Skip to content
Photo by Federico Giampieri / Unsplash

When my kids were little, I played with them.

A lot.

And the thing is, I didn’t do it to help their development. Narcissists like me don’t do such things.

I played because I liked to play.

Matchbox cars, blocks, army men. Weird outdoor games we’d make up as we went along. “Sky Ball,” “Enemy Fire,” “Poor Man’s Disc Golf” (email me; I’ll send you the rules).

It didn’t matter. I liked to play. It was probably a bit unbecoming, in retrospect. On more than one occasion, Marie’s eyebrows would raise at my, ahem, vigor in these stupid little games.

I don’t know if it did anything for my kids, but those hours of time wasted may have been the best thing I did as an adult.

Success Belongs to the Snorers

General Mikhail Kutusov beat Napoleon by doing nothing.

They say he fell asleep and snored loudly during important meetings as Napoleon was invading Russia. He didn’t act when people thought he should act. He screwed around on personal interests when people thought he should be working.

And he beat one of the greatest generals in history.

How could such a thing happen?

Tolstoy, writing in War and Peace, said it happened because Kutusov knew there is “something stronger and more important than his will” so he could “abstain from meddling, from following his own will.”

It could happen, in other words, because there’s more to us than our will and our reason and because there’s more to reality than we can understand or act upon.

Make no doubt about it: People often succeed in human affairs through sheer force of will and rational faculties. I don’t deny that.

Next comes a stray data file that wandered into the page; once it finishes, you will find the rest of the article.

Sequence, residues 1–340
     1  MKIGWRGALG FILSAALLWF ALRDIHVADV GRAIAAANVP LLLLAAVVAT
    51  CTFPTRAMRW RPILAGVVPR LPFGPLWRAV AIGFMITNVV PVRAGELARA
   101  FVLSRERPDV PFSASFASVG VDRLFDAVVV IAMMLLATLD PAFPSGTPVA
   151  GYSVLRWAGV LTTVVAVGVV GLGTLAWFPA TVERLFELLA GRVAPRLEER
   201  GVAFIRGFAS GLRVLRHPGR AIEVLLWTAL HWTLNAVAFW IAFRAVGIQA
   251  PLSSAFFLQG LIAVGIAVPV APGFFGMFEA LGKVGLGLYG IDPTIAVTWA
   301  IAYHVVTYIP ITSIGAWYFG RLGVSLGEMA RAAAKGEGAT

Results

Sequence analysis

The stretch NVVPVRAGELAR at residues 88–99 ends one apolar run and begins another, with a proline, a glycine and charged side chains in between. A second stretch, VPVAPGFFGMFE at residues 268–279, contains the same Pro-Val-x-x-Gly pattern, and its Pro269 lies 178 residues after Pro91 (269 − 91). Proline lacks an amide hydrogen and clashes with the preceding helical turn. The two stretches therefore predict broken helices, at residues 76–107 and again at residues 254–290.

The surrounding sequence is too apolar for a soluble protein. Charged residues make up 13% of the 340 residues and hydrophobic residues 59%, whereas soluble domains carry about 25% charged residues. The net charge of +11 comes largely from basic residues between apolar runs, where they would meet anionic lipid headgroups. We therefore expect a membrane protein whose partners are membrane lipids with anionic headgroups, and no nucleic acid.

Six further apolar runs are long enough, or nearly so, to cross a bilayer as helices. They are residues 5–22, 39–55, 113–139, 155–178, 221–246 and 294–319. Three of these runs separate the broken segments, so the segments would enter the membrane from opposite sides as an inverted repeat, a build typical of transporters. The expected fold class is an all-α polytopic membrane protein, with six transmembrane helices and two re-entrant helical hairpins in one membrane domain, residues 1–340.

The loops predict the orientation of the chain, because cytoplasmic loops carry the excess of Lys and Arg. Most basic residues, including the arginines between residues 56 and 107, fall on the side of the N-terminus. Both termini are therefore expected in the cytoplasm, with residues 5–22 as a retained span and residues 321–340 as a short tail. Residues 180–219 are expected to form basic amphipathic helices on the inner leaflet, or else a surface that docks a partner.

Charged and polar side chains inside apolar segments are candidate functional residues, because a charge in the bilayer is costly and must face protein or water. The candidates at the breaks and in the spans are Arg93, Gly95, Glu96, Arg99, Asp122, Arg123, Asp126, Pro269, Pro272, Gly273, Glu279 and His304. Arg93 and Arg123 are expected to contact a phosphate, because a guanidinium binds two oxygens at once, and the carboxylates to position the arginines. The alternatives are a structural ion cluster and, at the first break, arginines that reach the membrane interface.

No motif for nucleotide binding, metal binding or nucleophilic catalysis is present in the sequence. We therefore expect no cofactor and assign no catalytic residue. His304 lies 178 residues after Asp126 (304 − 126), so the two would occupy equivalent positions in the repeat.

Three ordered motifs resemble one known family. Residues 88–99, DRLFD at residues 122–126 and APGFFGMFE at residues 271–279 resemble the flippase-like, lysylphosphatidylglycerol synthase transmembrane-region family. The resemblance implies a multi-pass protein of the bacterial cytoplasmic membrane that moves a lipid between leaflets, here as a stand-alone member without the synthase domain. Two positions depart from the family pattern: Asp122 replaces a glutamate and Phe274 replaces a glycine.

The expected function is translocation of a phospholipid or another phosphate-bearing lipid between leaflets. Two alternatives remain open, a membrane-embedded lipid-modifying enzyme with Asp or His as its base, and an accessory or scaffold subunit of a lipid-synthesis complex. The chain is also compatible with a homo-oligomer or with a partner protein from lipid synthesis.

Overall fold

But we need to recognize that people can also succeed in human affairs by doing nothing.

Get in Touch with Full Reality

I’d like to explain how such a thing happens, but that requires reason and we’re dealing with Something Beyond Reason. But here goes:

If we want to be successful at existence, we need to live in full existence. If there’s more to us than our will and reason, we need to exercise it. If there’s more to reality than we can understand or act upon, we need to get in touch with it.

Fortunately, the two go together. If we exercise the supra-rational/willful part of our existence, we get in touch with that part of existence that surpasses our will and our reason.

Purposefully Act without Purpose

So how do we exercise that area?

Start by doing nothing. Cultivate true leisure, in the sense that Josef Pieper wrote about in Leisure, the Basis of Culture.

Do impractical things.

Golf. Shoot pool. Stroll. Garden, preferably not vegetables for food or selling at the farmers market, but maybe flowers because nothing is more impractical than flowers.

Do things without purpose. It doesn’t really matter what it is (though it can’t be watching videos, TV, or movies, for reasons I’m going to explore in later installments).

Here’s the thing: There’s always something to do that entails a purpose. We need to search for purposeful activities about as hard as Pablo Escobar had to search for hundred-dollar bills. They’re all over the place. Life throws them at us faster than chicks threw themselves at Elvis.

It’s a problem. Purposeful activities are rational. They’re full of our will. Even worse, they're full of our left hemispheres.

We need non-purposeful activities, things we do for their own sake, not for the sake of something else.

Get on the floor and play with your kids. Really get into it. But don’t give a whit about the kids’ development or even whether you’re really getting into it. And sure as heck don’t care about your dignity or whether you should be getting into it so much.

Just play.

And thereby exercise your right hemisphere.

The Importance of Doing Nothing
By giving the brain ‘downtime’ we can improve mental health and allow ideas to incubate. By Manfred Kets De Vries, INSEAD Distinguished Professor of Leadership Development & Organisational Change “Learning without reflection is a waste, reflection without learning is dangerous” - Confucius In today’s networked society we are at risk of becoming victims [...]